arduino keyboard emulator
All I had mentioned earlier we’re going to look at the arduino leonardo and some of its USB emulation capabilities. Now remember this is different than you know. The processor is different. This is the 32: u 4, which means it has built in USB capabilities and the lovely people that arduino have been nice enough to build into their processing language. Some libraries, which let us emulate certain devices today we’re gon na, be looking at keyboard, emulation, seeing what that can do now. It is a good idea to use a jumper in this I’m gon na be using pin 2, and let me explain why what we’re doing is we’re creating a switch here that allows us to turn on and off the USB mu emulation, because when you plug this In and it starts acting like a keyboard, the computer is only going to recognize it as a keyboard. So if you’re going to try and reprogram it as it’s acting as a keyboard, the IDE might have a little trouble and you might end up with just four useless boards. So by adding this jumper and we will set the pull up on the so it’s connected to ground, pin 2 so by using the jumper we’re helping prevent against this just becoming a useless board. So with that let’s go ahead and look at the code, so I’ve gone ahead and written in the two basic functions you need to start the code set up and loop now remember: we’ve got to put in pull up on, pin 2 in order to stop it And started acting like a keyboard, so it’s pin mode to input and to set the pull up.
Resistor we’re going to write, pin too high and remember that sets it to a logic, high level, so we’re going to have to check when it changes to logic. Low logic, high logic, low, okay to start keyboard, emulation again, it’s very key board is very similar to serial commands. So to start it you’re just going to start with keyboard dot begin, and that starts keyboard emulation. So we’re going to wait for, pin two to go low and then we’re gon na start giving it keyboard commands. Now I set it similar to the serial commands in that there’s keyboard print key. A keyboard spell keyboard print, Ln and keyboard keyboard that right now, keyboard, dot print, will print a character or a string of characters. Println will print a character, a string of characters followed by the return key and then right will write a specific ASCII character. So those are basic commands. There are more keyboard commands in the sense that you can say keyboard, press and then put in a specific key, say V and key, and that will press the N key in order to get to release that key. All you have to do say, release and key and that’s it or, if you’re, pressing, multiple use, you can just say, release all now with the press command with the press command, you can. There are special key codes that are built in to the keyboard library that are available on the arduino reference page.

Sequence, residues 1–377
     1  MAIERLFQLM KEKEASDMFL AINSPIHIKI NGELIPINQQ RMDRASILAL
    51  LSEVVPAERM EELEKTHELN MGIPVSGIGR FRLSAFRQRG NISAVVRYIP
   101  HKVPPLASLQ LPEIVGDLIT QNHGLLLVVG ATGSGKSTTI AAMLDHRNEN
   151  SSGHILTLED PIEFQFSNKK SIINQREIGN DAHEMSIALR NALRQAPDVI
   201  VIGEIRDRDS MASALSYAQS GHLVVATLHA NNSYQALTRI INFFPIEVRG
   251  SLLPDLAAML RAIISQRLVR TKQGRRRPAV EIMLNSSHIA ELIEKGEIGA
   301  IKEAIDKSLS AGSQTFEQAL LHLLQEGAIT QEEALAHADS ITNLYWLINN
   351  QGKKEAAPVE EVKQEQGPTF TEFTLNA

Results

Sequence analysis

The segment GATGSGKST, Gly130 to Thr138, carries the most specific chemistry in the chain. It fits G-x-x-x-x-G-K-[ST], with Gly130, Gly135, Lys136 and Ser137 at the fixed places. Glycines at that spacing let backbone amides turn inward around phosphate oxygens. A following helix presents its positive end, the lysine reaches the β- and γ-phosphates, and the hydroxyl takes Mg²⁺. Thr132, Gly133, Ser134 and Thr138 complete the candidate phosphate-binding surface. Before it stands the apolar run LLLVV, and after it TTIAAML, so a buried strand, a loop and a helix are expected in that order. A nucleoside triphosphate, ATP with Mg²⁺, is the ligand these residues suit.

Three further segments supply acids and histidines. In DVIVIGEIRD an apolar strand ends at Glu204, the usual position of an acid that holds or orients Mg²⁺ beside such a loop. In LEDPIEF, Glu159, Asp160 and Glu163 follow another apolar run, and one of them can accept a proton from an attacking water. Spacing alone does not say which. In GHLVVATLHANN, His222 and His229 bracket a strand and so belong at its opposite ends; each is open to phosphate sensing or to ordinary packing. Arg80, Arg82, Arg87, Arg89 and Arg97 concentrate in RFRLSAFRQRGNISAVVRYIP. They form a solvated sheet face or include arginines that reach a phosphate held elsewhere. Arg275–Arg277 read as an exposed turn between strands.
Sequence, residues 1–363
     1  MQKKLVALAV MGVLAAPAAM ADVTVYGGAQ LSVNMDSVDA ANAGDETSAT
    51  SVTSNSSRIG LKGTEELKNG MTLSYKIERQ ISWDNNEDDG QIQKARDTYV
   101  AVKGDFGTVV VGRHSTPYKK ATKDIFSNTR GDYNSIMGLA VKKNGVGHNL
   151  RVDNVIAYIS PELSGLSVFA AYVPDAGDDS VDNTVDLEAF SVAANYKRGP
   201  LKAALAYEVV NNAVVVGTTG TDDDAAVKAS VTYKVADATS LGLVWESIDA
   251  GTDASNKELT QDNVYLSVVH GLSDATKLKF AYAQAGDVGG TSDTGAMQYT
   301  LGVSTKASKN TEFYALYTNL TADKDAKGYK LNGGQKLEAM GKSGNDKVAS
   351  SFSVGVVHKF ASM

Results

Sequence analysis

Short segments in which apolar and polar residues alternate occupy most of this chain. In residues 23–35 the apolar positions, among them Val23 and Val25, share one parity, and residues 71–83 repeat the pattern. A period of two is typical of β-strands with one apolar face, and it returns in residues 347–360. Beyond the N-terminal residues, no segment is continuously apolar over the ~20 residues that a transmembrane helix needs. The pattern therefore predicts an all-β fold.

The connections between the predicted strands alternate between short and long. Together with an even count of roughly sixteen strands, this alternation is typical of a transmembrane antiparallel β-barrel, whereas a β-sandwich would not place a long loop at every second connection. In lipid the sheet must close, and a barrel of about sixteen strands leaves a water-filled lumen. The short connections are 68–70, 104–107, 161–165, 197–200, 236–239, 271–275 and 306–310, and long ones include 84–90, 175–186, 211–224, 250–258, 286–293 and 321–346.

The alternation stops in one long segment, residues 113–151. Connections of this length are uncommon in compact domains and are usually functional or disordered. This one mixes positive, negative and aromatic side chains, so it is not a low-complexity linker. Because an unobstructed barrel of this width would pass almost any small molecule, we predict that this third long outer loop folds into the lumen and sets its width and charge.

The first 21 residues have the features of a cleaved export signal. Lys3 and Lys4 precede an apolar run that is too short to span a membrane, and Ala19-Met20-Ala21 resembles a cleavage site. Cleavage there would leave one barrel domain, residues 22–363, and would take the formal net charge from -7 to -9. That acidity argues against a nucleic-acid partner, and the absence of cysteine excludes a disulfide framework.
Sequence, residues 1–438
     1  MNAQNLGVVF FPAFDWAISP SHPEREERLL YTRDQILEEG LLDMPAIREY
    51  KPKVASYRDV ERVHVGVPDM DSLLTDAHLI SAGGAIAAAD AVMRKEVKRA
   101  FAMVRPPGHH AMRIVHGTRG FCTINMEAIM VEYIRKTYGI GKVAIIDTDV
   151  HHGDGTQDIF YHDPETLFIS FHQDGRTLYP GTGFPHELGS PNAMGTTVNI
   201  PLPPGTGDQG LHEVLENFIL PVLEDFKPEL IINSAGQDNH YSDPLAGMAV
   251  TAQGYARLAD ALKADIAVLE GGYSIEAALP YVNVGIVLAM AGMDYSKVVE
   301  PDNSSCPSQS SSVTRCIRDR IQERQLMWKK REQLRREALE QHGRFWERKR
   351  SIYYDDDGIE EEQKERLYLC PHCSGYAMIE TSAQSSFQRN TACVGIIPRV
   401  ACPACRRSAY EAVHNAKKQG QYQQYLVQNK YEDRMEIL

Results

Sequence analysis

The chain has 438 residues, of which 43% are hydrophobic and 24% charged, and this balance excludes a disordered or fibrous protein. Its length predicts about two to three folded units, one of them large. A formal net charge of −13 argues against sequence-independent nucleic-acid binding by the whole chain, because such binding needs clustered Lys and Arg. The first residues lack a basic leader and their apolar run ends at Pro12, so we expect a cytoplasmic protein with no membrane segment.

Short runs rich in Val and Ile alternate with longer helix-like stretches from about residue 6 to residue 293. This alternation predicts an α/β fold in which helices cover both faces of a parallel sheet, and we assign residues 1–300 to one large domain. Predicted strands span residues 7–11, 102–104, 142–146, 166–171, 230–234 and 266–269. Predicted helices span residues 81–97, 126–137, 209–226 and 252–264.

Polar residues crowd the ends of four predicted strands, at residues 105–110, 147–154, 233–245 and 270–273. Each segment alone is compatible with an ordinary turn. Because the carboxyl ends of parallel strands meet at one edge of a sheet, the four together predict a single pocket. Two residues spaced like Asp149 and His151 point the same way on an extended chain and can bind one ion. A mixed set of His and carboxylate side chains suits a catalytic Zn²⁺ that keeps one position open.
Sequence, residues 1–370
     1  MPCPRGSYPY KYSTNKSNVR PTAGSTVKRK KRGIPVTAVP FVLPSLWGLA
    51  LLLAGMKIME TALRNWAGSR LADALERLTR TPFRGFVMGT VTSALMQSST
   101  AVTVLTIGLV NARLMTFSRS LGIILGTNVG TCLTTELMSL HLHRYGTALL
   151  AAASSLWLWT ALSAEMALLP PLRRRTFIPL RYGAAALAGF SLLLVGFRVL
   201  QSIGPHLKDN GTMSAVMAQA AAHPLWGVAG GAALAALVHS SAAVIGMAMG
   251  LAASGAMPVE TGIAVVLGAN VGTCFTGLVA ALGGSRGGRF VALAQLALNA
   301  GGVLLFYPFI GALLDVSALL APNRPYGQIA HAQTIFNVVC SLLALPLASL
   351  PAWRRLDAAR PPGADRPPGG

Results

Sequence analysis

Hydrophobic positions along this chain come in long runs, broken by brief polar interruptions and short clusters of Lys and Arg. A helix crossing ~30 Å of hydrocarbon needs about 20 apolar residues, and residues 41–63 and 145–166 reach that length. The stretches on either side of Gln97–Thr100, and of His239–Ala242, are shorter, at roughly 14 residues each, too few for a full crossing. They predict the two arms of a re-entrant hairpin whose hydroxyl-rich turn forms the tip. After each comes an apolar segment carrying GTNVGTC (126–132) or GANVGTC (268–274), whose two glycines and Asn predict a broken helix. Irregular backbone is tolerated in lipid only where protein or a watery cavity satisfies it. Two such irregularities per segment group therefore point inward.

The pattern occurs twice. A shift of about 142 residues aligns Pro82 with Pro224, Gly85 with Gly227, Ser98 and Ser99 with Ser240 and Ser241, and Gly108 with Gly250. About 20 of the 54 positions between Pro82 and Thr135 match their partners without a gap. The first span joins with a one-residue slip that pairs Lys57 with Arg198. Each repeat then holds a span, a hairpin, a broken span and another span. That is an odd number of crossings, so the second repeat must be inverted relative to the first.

I can link to that in the description such as key dot backspace, i think there’s key, a key underscore shift key underscore control that sort of thing. So, with all that in mind, let’s write a little bit of a demo program, so let’s start with keyboard. Dot print LM hello world put in a little bit of a delay of, say a thousand milliseconds that’s one second keyboard println, I am Alive, got no idea. What I’m writing here? I will Det lay another thousand, milliseconds and we’ll say: keyboard dot, right, 48, that’s, character, 0 and then we’ll just delay for a little bit of time, more time and then we’ll say keyboard, dot, press, the backspace key and we’ll. Let it backspace for a while remember that if you hold the backspace key it’ll back up a few times and it’s anything and we’ll, let that run for say 500 milliseconds. I have no idea what that’ll do and then I’ll just say: keyboard dot, release all and that’s, really it so again. It’S going to print hello world it’s, going to put in a new line it’s going to print. I am live print, a new line, then it’s going to put in character 0 that’s 0. The number then it’s going to wait and then it’s going to hit the backspace key for 500 milliseconds that’s, one half of a second and so that’s, really it so I’m. Going to go ahead and plug in my Leonardo and upload the code 1, okay, so it’s gone ahead and uploaded I’m going to open up.
You can open up any code. Any word editing program I’m, just going to open up notepad because it loads quicker than word and I’ve got. Remember: I’ve got the wire connected from ground to pin 2. So if I go ahead and do that, it prints in our text and then up there because it starts hitting the backspace key and 500 milliseconds was just enough to backspace over the 0 character, so that’s, really it for Leonardo keyboard device, emulation and that’s. The first video I’m going to do on the Leonardo’s USB emulation capabilities – I’m – probably gon na – do others on mouse and joystick and maybe combinations of those too, which will really focus more on reading sensor input and then making changes based upon that which is going to Capitalize on this waiting for you to start and stop that and you’ll see why it’s important.
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